This is not wilderness, though there’s wilderness nearby. But it’s only the road that suggests a wider world with clutter and congestion and pavement out there somewhere.
Yesterday we had the road completely to ourselves, but on this Saturday a planned event brought out a couple of dozen dirt bikes that appeared out of nowhere and spurted past us in noisy clusters, swirling dust. We met a few ATVers and automobilists like ourselves as well.
On a drive like this into new country there is no discernible meaning to anything you see. It is what it is, and beyond that are only question marks. Around the next corner, up the next grade, into the next canyon: more question marks. We were in no hurry — that was the whole idea after all — so we welcomed opportunities to stop. Even without a pronghorn to slow us down we paused here and there as we pleased, for a snack, for a photo, for a walk with the dog.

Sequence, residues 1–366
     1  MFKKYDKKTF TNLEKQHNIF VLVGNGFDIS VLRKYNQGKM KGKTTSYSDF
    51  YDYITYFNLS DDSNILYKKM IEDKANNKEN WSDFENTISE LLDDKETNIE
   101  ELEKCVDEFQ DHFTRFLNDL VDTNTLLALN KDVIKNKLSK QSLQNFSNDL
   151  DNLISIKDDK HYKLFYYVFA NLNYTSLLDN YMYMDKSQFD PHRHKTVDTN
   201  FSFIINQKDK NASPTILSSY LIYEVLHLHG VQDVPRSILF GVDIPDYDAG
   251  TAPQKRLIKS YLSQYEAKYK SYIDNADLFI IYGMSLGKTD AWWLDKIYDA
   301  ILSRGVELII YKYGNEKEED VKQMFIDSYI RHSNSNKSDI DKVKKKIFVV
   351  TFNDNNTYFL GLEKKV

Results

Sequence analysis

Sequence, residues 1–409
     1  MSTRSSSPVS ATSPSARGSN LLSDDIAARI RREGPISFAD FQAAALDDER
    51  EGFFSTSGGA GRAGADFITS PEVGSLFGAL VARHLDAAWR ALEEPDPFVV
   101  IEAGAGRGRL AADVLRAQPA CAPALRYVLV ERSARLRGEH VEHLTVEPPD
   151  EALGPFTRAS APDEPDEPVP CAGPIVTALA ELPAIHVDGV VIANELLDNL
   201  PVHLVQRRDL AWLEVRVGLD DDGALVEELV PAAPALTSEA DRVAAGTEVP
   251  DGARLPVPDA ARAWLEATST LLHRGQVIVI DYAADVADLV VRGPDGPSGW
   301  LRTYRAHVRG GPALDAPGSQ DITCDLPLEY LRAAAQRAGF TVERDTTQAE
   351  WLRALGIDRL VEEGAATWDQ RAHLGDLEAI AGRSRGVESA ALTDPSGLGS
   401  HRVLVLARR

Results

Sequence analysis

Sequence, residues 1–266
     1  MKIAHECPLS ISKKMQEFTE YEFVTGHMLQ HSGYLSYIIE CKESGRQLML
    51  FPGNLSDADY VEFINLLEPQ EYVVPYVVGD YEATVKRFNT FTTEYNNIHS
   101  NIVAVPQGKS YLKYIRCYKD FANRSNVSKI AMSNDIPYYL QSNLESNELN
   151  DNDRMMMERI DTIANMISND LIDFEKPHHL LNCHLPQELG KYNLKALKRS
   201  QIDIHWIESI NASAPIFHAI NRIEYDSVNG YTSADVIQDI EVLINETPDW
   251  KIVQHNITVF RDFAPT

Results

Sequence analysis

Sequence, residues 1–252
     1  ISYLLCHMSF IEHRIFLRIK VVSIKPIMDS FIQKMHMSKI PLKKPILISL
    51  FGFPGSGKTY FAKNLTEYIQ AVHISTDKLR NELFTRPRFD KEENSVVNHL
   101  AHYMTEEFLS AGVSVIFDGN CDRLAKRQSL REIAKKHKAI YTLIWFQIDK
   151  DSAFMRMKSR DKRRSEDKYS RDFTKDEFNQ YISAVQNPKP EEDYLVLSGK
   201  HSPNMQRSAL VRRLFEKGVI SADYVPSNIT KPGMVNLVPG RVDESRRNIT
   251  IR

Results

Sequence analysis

At the top of what’s called the Aldrich Grade we noticed what appears to be a solitary grave a few feet from the road.
Really? Or did some cosmic joker arrange the rocks like that and then drive away laughing?
Either way there was a pile of quarters at the head of the grave, four or five dollars worth in front of the lichen-covered ‘headstone’ standing on edge.
Big bagful of question marks added to our collection and on we go.
And on. Unlike yesterday, when we just wanted to see what was on the other side of the mountain on our way to Bridgeport, today we had a destination, or rather two destinations: Bodie and Aurora.